We decided to waive the GRE because we realized that some applicants weren't going to be able to take the tests safely, and others weren't going to be able to take the test at all. So we decided to mark it as optional, which means that applicants have room in their applications to submit their scores if they wish to do so.
As time went on and the discussion continued about what it would mean to have applicants with GRE scores and applicants without scores, we decided that we were going to do a GRE-blind review of applications this year. The rationale behind that decision is that we don't want to place the folks who weren't able to take the test because of the current circumstances at a disadvantage. We’ve been receiving questions like, "Well, how are you even making decisions if you can't see people's scores?" And what I say is that we do thoughtful and holistic reviews of the application — in a general year, your GRE score is just one small component of all the different things that we look at. So, removing that one component doesn't mean that we're not going to be able to make informed decisions. We're not going to look at the scores because we want to be fair.
What kinds of funding options are available to students?
There are a number of options available to MIP students. One of the newer things that has had a large impact on the MIP program is the existence of the Knight-Hennessy Scholars program at Stanford, which offers full funding for graduate students across the university. Because Knight-Hennessy focuses on funding people who want to make the world a better place, their criteria is pretty nicely aligned with what students in the MIP program naturally tend to want to do. So we're lucky to have several of our students funded through the Knight-Hennessy Scholars program. For instance, in the incoming class of 24 students, nine of them are funded by the Knight-Hennessy Scholarship program, which is a huge number.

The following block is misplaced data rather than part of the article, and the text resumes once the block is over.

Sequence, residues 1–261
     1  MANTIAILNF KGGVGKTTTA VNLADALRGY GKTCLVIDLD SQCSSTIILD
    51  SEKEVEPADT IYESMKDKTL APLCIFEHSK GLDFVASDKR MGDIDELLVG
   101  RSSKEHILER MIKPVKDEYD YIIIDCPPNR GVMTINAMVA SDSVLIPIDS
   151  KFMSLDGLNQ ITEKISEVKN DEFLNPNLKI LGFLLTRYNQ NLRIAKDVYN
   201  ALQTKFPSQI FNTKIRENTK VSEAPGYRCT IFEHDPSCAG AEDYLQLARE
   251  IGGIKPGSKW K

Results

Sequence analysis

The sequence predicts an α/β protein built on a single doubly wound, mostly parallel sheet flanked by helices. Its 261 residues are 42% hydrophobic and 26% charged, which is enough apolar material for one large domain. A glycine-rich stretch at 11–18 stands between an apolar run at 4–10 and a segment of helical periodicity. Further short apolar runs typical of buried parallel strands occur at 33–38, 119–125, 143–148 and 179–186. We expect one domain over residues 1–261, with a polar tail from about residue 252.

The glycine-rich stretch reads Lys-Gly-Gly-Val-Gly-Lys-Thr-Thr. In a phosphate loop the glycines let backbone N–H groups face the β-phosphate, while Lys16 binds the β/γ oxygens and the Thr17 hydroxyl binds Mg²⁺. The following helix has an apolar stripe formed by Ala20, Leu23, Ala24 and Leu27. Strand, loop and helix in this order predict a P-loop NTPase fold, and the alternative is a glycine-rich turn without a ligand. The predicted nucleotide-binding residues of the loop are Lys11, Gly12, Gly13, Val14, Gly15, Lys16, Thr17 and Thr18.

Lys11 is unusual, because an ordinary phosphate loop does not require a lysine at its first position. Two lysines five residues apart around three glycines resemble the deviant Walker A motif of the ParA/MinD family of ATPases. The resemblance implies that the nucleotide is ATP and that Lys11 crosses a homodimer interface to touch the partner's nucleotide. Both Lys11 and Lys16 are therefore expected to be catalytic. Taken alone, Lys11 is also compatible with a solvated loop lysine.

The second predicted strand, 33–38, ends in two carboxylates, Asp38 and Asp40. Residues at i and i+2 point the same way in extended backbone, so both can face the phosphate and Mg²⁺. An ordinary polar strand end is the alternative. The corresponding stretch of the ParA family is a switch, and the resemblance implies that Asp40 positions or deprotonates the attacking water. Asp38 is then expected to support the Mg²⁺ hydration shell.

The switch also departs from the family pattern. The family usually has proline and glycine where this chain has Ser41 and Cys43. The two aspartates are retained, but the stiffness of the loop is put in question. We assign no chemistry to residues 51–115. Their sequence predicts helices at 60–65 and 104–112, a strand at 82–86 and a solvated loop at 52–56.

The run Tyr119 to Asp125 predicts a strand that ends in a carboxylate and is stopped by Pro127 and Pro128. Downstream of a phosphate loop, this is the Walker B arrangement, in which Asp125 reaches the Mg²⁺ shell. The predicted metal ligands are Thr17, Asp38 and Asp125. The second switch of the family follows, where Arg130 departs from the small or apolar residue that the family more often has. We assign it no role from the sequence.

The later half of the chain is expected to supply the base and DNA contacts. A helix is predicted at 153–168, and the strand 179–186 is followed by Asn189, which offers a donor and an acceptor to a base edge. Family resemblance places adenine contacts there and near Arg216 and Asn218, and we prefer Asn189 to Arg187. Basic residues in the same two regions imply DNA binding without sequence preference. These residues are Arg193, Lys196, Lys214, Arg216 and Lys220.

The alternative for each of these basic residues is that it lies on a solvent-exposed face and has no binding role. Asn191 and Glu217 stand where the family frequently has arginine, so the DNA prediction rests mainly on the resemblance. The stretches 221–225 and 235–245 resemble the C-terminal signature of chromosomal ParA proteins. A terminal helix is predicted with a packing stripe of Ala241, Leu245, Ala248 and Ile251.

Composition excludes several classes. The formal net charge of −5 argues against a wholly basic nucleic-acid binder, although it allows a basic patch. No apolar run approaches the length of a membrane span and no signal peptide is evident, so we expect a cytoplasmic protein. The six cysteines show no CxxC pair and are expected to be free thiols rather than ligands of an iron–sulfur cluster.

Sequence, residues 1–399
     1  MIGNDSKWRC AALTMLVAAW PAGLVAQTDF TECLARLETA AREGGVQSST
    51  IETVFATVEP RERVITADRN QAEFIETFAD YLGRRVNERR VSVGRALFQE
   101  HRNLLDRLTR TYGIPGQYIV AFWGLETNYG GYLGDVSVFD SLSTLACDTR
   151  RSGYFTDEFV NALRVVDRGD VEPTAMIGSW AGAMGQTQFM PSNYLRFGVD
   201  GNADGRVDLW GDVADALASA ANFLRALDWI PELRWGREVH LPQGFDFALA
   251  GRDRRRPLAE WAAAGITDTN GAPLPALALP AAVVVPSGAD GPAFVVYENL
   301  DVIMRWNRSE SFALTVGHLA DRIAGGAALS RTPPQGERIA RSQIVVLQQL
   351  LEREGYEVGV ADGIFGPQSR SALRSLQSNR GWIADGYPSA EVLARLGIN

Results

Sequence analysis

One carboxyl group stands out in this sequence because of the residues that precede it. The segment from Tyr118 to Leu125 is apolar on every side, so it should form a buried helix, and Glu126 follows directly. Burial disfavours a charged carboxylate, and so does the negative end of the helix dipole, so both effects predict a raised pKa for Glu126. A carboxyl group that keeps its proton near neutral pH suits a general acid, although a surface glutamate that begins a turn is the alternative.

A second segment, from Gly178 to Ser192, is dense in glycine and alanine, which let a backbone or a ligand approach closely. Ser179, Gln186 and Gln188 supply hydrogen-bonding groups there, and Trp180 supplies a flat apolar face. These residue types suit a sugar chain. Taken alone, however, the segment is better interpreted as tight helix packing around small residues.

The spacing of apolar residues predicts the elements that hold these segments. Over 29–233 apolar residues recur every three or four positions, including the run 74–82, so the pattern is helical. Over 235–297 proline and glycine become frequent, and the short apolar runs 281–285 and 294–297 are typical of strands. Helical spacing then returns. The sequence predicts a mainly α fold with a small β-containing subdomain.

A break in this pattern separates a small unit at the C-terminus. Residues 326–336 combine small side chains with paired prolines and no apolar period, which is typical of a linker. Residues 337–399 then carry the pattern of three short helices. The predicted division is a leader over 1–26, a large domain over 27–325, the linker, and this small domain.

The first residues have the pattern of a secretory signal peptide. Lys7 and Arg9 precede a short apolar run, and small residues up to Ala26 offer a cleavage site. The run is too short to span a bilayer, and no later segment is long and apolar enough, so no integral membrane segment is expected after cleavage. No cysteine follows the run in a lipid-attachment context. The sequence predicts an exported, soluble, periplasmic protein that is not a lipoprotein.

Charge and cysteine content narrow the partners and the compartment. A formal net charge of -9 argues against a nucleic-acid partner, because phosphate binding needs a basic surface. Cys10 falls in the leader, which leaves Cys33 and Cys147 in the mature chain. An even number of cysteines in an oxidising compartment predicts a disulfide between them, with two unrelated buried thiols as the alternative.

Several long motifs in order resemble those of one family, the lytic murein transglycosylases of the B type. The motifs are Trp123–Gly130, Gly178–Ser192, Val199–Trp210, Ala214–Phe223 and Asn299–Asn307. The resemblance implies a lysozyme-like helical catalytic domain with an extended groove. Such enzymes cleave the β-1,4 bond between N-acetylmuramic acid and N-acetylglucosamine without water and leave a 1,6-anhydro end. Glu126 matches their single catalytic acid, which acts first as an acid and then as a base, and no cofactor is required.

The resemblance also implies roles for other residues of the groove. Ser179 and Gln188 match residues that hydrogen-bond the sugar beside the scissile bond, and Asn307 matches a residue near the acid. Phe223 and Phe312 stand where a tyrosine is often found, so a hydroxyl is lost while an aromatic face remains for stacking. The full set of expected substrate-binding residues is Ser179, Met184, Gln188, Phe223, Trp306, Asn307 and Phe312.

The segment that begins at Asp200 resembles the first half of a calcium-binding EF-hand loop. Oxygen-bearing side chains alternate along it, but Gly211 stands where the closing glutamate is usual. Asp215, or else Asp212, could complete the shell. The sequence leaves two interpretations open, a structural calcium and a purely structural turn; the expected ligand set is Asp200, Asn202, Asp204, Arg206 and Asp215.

In addition to that, we have internal fellowships and scholarships offered either through the MIP program or through FSI. We are able to either partially or fully fund a handful of students every year, and those are generally merit-based fellowships. So we might be able to make some funding offers to those people who we think are our top candidates.
And we also have people who come with external fellowships. Some are funded by their branch of the U.S. military, since we have a few military students. Some are Fulbright scholars, or have received similar external fellowships. Those are all scholarships and fellowships that happen at the time of application, but then there are other mechanisms for student funding once the student is enrolled in the program. For instance, MIP provides financial support to students who pursue an unpaid internship over the summer between their first and second year of study. We also have a pretty great assistantship program within MIP that allows the program to hire a few of our second-year students to serve as teaching or research assistants for faculty members at FSI or at MIP. And those are the main ways that students can fund their degrees.
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Representing 14 different countries, the Ford Dorsey Master’s in International Policy (MIP)